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Are there any good books that explain important concepts of probability theory like probability distribution functions and cumulative distribution functions?

Please, avoid referring books like "Mathematical Statistics and Data Analysis" by John Rice which start with simple permutation concepts and then, suddenly (in 2nd chapter) take a leap assuming knowledge in real-analysis, multiple and surface integrals and begin describing CDFs and PDFs and illustrating them in 3-dimensional figures. One is left scratching head as to how everything is connected.

I am looking for self-study books and any book in the same category as "Calculus for the Practical Man" would be of great help.

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    $\begingroup$ What level of sophistication are you looking for? You mention Rice and Calculus for the Practical Man. You also mention "very simple" permutation concepts, so you must be comfortable with some math. When you say statistical theory, what do you mean? The examples you mention are more in the vein of elementary probability theory. $\endgroup$ – cardinal Sep 17 '11 at 13:27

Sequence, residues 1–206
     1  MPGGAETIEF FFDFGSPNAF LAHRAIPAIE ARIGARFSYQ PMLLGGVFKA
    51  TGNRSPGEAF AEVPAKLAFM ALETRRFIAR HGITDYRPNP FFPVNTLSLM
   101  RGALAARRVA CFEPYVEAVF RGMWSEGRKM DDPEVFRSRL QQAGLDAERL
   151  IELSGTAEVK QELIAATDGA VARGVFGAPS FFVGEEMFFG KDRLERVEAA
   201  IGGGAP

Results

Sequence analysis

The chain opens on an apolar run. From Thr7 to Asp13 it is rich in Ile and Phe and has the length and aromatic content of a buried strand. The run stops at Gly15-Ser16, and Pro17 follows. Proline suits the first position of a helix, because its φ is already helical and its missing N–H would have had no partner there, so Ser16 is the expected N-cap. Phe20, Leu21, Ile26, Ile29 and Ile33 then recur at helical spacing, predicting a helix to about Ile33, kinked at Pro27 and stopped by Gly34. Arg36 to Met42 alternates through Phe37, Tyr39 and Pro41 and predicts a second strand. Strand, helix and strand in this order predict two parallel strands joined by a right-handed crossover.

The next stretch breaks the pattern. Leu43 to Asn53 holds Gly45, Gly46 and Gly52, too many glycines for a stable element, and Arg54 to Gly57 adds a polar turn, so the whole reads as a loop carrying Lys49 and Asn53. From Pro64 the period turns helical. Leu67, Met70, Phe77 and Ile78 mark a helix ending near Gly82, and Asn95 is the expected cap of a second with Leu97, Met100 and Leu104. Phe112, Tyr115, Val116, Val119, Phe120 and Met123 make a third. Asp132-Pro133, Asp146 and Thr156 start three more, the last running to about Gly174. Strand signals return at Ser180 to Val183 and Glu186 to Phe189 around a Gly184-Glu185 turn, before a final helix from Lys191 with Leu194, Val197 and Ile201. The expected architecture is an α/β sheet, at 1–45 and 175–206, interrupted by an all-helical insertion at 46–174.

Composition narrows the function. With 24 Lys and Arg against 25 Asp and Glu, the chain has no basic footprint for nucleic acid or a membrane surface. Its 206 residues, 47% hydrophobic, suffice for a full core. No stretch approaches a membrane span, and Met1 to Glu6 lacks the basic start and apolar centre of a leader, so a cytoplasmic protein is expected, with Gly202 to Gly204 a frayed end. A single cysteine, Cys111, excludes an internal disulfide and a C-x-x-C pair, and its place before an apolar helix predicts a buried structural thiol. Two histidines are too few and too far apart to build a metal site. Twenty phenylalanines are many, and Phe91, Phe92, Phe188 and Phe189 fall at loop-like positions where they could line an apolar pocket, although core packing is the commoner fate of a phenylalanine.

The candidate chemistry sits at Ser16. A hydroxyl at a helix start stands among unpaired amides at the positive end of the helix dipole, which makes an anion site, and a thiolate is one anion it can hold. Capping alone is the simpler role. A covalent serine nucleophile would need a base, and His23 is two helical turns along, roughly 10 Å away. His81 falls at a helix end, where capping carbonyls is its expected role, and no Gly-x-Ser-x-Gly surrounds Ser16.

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    $\begingroup$ My point of asking is that you can learn a good amount of elementary probability theory with only a decent grasp of calculus. You can learn a decent amount of (classical) applied statistics without calculus as long as you are willing to accept many formulas without a tremendous amount of motivation. It's, unfortunately, pretty difficult to get too deep into statistical theory (as I understand that term) without the elementary probability theory and a greater familiarity with calculus. $\endgroup$ – cardinal Sep 17 '11 at 13:29
  • $\begingroup$ Thanks Cardinal. I understand that I cannot go much far in statistical theory without good knowledge in Calculus and I am not looking for a non-mathematical text here. The problem I find with Rice's book is that it takes a sudden leap and I am left wondering what should I have known or know to understand this material. On the other hand "Practical Man" slowly builds concepts from elementary blocks and occasionally reiterates them. The latter series has made visible to me the relationships in Mathematics and I am left me wondering why I feared Calculus for so long. $\endgroup$ – VKs Sep 18 '11 at 3:05